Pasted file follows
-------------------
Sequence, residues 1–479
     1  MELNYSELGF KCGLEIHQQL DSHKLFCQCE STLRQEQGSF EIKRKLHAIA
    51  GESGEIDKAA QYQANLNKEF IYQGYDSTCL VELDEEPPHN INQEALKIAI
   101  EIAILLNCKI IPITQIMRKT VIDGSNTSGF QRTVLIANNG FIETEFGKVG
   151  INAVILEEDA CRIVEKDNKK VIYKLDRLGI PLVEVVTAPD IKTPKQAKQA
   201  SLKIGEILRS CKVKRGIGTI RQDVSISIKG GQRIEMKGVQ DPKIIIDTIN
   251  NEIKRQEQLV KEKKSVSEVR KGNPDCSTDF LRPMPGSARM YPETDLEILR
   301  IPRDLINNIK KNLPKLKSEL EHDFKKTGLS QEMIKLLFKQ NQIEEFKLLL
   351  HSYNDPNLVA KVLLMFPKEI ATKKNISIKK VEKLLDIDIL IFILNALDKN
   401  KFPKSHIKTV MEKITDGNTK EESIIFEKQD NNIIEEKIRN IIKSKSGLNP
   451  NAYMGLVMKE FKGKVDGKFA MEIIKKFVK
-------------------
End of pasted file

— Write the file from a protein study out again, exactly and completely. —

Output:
Sequence, residues 1–479
     1  MELNYSELGF KCGLEIHQQL DSHKLFCQCE STLRQEQGSF EIKRKLHAIA
    51  GESGEIDKAA QYQANLNKEF IYQGYDSTCL VELDEEPPHN INQEALKIAI
   101  EIAILLNCKI IPITQIMRKT VIDGSNTSGF QRTVLIANNG FIETEFGKVG
   151  INAVILEEDA CRIVEKDNKK VIYKLDRLGI PLVEVVTAPD IKTPKQAKQA
   201  SLKIGEILRS CKVKRGIGTI RQDVSISIKG GQRIEMKGVQ DPKIIIDTIN
   251  NEIKRQEQLV KEKKSVSEVR KGNPDCSTDF LRPMPGSARM YPETDLEILR
   301  IPRDLINNIK KNLPKLKSEL EHDFKKTGLS QEMIKLLFKQ NQIEEFKLLL
   351  HSYNDPNLVA KVLLMFPKEI ATKKNISIKK VEKLLDIDIL IFILNALDKN
   401  KFPKSHIKTV MEKITDGNTK EESIIFEKQD NNIIEEKIRN IIKSKSGLNP
   451  NAYMGLVMKE FKGKVDGKFA MEIIKKFVK